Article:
Writer’s Block

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Writer’s Block



Writer’s Block

writers block

Andrew Wilson had been staring at the blank sheet of paper for the last five minutes. He tapped out a handful of words on his 1955 Royal Quiet Deluxe typewriter that he had bought from a pawn shop in Phoenix for $10 bucks more than twenty years ago. Since then, the typewriter traveled the country with him and helped write hundreds of short stories, twenty-seven novels including a few best sellers, and a motion picture script or two.


The next morning, he reported to work at the usual time. The paper was already expecting him. It had somehow found a way out of the trash bins and had a message waiting for him by the time he walked in the door. The message concerned him.

This is our last day together.

They had been making great progress on the story together, but Andy didn’t think they were that close to the end. “Are we close to finishing the story?” Andy asked.


“I don’t understand,” Andy said. “If the story isn’t finished, how could this be our last day together?”

We will finish it.

Andy was confused. “Which one is it? Are we or are we not going to finish the story today?” He crossed the room and sat down. He checked the mirror for a response but didn’t find one. In fact, the paper wasn’t even visible in the mirror. Andrew twisted in his chair to see a massive mound in the corner. It was almost as tall as he was and seemed to defy gravity.

Curious, Andy got to his feet and approached it.

The mound was as tall as he was and the longer he stared at it, the more it seemed to change right before his eyes. It was transforming, becoming more and more solid and not a loose collection of discarded wads of paper.

Andy couldn’t take his eyes off it as it slowly gained shape and definition. Its features took on humanoid characteristics. It had a head on a short neck sitting upon a pair of shoulders with arms hanging at its side and standing on what was increasingly looking like two separate legs. The head transmogrified and a face took shape. He recognized his father’s chin, his mother’s nose, his grandmother’s cheekbones, and his grandfather’s eyes. Andy stepped back from the thing with his face. “What are you?” Andy demanded.

Its mouth moved as if it were trying to speak, but the only sound it made was that of wads of paper rubbing together. At first, it was incomprehensible. The longer it spoke, the more it began to sound like speech. After several attempts, it answered back in something that approximated a voice. “I am you,” it said over and over again. The more it spoke, the more the voice changed until it spoke in Andy’s voice.

“That’s impossible,” he said in disbelief as the paper figure’s shape solidified and color slowly faded into the doppelganger.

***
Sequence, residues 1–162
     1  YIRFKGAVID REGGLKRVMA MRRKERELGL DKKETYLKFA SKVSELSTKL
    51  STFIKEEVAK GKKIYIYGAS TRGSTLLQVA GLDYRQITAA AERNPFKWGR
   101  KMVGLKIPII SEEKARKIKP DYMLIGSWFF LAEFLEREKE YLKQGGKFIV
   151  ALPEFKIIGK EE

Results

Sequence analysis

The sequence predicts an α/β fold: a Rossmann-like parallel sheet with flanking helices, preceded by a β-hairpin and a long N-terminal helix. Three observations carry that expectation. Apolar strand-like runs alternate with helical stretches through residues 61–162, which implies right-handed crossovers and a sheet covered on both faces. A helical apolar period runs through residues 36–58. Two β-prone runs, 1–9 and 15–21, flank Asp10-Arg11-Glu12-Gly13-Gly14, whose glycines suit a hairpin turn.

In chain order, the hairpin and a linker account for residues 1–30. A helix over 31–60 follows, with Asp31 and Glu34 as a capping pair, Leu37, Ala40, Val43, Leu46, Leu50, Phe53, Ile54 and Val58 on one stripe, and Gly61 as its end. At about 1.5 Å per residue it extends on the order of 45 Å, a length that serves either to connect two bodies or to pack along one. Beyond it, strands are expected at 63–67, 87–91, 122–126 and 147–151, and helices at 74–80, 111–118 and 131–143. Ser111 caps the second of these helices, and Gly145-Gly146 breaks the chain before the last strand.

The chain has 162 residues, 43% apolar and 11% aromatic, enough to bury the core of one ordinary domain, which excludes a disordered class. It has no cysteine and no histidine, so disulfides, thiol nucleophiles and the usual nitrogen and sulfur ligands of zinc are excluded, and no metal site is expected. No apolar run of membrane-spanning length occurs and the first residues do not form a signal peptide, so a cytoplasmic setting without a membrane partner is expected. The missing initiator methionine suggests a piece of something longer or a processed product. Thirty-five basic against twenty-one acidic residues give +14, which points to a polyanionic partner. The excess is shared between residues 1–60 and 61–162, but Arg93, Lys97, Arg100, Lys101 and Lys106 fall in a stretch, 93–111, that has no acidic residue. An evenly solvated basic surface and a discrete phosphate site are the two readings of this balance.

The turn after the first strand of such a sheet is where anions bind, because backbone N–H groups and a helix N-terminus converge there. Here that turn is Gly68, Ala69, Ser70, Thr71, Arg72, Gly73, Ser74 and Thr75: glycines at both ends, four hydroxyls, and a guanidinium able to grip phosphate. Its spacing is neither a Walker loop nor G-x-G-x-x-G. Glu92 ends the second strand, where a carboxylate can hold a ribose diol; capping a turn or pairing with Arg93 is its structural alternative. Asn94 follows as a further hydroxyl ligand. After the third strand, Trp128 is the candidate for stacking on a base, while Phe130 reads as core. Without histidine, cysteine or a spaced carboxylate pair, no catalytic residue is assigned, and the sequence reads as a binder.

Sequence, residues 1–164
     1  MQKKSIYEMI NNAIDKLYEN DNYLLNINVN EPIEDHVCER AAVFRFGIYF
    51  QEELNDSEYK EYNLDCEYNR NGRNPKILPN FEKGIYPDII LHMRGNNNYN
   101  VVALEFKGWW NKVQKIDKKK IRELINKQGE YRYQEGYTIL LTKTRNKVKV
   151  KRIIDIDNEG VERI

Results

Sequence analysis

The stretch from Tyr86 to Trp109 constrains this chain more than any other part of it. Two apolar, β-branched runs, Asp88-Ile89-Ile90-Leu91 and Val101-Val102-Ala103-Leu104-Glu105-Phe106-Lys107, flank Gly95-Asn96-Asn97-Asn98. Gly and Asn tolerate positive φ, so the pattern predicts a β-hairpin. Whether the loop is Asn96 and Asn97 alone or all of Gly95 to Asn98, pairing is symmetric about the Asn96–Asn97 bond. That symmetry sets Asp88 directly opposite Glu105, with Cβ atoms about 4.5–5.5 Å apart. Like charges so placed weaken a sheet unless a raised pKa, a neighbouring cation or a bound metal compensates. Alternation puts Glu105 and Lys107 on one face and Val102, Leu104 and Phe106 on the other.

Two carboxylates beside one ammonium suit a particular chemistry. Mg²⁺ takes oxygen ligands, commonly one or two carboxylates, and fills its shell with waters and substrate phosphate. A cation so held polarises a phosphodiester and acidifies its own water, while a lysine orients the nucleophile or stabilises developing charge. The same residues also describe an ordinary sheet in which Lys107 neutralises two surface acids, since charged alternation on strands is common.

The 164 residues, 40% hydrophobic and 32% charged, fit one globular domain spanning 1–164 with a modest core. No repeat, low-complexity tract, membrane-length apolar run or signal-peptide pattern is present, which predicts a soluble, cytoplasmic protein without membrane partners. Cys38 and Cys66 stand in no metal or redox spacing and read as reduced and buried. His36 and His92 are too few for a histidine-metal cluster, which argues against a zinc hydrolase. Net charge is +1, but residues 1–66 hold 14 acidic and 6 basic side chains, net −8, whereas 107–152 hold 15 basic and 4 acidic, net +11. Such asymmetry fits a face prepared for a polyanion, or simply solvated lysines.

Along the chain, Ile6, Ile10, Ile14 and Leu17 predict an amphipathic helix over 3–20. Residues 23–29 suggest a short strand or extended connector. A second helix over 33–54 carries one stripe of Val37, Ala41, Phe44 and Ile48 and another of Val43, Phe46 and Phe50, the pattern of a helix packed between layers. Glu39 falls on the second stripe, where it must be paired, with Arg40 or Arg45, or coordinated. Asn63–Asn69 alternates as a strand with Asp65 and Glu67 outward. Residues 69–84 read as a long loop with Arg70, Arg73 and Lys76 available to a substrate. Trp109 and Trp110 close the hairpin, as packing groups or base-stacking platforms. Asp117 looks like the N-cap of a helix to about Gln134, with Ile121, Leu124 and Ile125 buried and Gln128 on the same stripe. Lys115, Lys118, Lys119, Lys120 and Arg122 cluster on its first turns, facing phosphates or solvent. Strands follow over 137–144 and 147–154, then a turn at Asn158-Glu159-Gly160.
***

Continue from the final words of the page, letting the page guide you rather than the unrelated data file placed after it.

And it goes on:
The pair of Andrew Wilsons stared at each other. They were mirror reflections of one another. The being that had once been nothing more than a pile of paper made the first move. It jabbed a finger at Andy’s chest. “I have done nothing but try to help you, and what thanks do I get? Every condition I have set, you have broken, ignored, or intend to break. Is this how you treat those who try to help you?”

Before Andy could respond, it stepped towards him and continued. “I told you there would be consequences. Now it is time for you to pay.”

Andy tried to speak, but the sound that came from his mouth sounded like a wads of paper rubbing together. Panic filled him. He reached a hand up to his throat and saw that the flesh of his hand looked pasty. The color continued to drain from him.

“I told you to spend time with your wife and children, and you ignored it. Instead, you continued to work, editing the manuscript after I told you to stop for the day,” the new Andy said jabbing another finger into his counterpart’s chest.

The other Andy was now as white as the paper. Even his clothing had lost all color. Slowly, he lost his definition, the lines and creases in his hands and knuckles were disappearing and became a smooth white surface.

“You had your chance to make a new life for yourself and your family, but instead, you were so wrapped up in your work that you neglected those that should have been the most important to you,” Andy said. “You do not deserve them.”

The papier-mâché Andy was starting to lose his shape. He could see the wads of paper forming just below his transparent skin. He was starting to lose his form. He was degenerating into discarded wads of paper. As he continued to degenerate, his appendages began to slough off along his edges.

“Your existence has been forfeit,” the new Andy said to the decaying paper man as he continued disintegrating. “I will care for your wife and children as they deserve and not as a lifelong accessory.”

The paper Andy continued degenerating fast. It collapsed to his knees as more and more of it sloughed off. It no longer looked humanoid. All that remained of the original Andy was a large pile of inanimate wads of paper.

Andy went over to the garbage bin and began scooping armfuls of the trash into it. Once the bin was filled, he carried it outside and dumped it into larger trash can. Returning to his office he finished cleaning up the trash and took the final load to the garbage. He removed a match from his pocket, lit it, and dropped it into the can. Andy watched the paper burn for a while, before he put the lid on the can to extinguish the flames.